However, the plastic components of AFO braces cannot be re-formed to their original shape if they have been flattened or deformed. This is a common occurrence for many patients who are prescribed custom AFO devices. Extreme biomechanical conditions and deforming forces which require custom AFO treatment will often wear out the brace in less than 5 years of daily use. This wear most commonly results in flattening or distortion of shape of the plastic foot plate portion of the brace. When the shape or conformity of the footplate of an AFO brace has become distorted from its original shape the brace has now become irreparably damaged. Inexplicably, Medicare does not recognize that wear and tear can cause this deterioration and failure. In this case, the provider should document in the patient medical record the fact that the current brace is no longer addressing the medical condition of the patient. Most important, the practitioner should provide a narrative attached to the Medicare billing stating that the footplate has become distorted, irreparably damaged and is no longer addressing the medical needs of the patient. This documentation is mandatory as the claim for a replacement of an identical brace in less than 5 years of use will likely trigger a pre-payment audit or denial. Appeal with proper documentation, including photographs will be necessary to gain payment. Because the provider is aware that reimbursement for a replacement brace in less than 5 years is unlikely to come from Medicare, the patient should be informed and should sign an Advanced Beneficiary Notice (ABN). For further information about replacing an identical AFO brace within 5 years of original fitting, see “Medicare Same or Similar Policy: How to Avoid Denials and How to Win Appeals”, located on the Billing/Coding page of the Richie Brace® website.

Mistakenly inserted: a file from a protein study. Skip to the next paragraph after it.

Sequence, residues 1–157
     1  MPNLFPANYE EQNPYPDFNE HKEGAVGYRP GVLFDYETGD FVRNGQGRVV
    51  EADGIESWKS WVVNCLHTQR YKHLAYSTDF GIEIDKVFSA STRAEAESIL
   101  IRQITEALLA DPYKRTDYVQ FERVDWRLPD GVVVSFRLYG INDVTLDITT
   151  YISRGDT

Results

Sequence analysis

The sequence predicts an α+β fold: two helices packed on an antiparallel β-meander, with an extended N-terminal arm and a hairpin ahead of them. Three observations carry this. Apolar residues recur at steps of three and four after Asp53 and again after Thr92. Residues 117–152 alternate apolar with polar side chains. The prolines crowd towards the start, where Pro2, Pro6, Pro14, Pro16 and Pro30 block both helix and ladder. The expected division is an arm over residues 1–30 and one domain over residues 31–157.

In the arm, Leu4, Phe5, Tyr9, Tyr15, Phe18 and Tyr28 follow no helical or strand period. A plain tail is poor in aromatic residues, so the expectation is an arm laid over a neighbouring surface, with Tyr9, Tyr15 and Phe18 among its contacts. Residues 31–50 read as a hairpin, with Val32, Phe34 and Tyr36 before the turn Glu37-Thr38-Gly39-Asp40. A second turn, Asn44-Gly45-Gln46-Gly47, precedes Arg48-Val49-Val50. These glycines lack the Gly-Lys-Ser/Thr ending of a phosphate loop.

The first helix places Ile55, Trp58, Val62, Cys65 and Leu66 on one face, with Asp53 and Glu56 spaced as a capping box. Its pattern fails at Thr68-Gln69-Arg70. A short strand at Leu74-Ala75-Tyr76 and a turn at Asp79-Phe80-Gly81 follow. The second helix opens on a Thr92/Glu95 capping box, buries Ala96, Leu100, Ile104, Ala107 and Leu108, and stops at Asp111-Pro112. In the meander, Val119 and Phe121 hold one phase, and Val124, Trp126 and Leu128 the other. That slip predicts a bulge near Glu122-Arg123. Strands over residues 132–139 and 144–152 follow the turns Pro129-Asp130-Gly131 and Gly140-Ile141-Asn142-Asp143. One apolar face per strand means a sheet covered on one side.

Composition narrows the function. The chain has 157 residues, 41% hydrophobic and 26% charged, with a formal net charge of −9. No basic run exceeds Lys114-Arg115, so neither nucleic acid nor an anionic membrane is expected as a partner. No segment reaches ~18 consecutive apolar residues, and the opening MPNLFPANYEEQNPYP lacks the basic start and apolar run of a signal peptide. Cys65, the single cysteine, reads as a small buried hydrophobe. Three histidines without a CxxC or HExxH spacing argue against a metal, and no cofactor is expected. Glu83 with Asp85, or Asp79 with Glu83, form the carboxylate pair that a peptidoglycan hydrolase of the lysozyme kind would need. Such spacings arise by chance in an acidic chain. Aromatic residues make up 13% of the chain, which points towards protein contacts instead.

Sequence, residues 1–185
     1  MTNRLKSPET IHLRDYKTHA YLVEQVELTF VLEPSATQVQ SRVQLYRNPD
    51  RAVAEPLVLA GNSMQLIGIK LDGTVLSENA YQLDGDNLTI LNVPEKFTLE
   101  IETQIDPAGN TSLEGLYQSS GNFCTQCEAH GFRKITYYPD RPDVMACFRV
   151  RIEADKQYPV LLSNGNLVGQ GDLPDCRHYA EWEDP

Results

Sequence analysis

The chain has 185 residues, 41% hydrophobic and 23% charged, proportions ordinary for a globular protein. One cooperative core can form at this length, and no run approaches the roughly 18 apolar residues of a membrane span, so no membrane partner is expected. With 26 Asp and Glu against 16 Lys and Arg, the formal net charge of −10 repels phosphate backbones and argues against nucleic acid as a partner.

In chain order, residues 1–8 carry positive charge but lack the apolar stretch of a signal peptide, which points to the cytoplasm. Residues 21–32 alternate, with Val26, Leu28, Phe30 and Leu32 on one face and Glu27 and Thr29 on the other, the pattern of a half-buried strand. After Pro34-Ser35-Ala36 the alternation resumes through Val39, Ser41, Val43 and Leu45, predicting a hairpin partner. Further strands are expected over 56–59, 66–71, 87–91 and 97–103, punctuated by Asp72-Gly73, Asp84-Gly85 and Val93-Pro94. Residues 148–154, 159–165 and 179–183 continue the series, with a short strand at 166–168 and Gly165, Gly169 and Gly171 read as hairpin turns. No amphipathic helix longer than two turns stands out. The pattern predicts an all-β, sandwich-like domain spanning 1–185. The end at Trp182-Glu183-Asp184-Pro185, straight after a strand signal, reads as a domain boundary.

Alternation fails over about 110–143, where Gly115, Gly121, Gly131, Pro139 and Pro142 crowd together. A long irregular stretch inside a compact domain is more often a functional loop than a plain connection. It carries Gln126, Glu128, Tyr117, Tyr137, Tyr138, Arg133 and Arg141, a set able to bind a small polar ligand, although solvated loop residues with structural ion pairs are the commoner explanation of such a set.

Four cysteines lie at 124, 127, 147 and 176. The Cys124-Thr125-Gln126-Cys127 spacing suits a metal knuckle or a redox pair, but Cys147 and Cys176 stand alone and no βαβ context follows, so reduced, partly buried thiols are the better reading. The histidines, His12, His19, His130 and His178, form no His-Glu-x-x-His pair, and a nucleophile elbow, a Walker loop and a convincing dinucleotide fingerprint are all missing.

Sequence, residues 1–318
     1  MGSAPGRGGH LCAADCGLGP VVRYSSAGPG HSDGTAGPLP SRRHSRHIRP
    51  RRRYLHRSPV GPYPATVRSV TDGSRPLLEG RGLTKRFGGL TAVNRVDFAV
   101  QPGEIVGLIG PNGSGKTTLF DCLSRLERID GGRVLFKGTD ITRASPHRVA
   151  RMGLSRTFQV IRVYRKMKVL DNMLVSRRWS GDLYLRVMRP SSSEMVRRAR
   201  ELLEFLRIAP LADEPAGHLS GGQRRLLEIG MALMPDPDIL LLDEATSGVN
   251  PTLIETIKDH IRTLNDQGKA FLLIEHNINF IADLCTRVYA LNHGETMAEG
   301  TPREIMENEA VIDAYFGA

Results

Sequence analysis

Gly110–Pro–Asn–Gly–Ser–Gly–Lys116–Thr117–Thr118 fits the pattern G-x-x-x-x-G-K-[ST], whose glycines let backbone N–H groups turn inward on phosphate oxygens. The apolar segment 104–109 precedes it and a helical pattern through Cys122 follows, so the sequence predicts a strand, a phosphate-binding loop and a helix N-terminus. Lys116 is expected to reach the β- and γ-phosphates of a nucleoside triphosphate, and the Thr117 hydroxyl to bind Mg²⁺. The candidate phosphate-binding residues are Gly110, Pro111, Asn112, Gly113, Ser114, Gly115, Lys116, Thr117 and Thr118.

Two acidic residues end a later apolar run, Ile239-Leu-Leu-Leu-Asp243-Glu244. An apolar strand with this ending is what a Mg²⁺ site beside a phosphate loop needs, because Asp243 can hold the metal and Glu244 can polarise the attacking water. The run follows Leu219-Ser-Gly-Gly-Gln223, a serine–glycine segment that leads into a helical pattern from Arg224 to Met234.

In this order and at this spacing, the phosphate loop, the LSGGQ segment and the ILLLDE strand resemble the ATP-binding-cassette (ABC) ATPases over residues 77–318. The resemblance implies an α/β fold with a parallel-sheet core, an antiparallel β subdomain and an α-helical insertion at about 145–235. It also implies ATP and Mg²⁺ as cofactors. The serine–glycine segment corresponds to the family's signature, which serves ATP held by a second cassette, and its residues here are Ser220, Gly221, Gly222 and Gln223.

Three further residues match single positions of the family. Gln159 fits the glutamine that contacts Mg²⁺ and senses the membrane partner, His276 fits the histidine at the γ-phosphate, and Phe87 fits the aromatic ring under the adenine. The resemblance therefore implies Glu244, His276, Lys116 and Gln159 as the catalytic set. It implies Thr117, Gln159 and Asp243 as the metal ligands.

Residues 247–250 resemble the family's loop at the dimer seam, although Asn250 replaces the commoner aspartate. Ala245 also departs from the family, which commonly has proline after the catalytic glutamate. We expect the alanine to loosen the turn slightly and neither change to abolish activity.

Repair and refurbishment of ankle-foot orthoses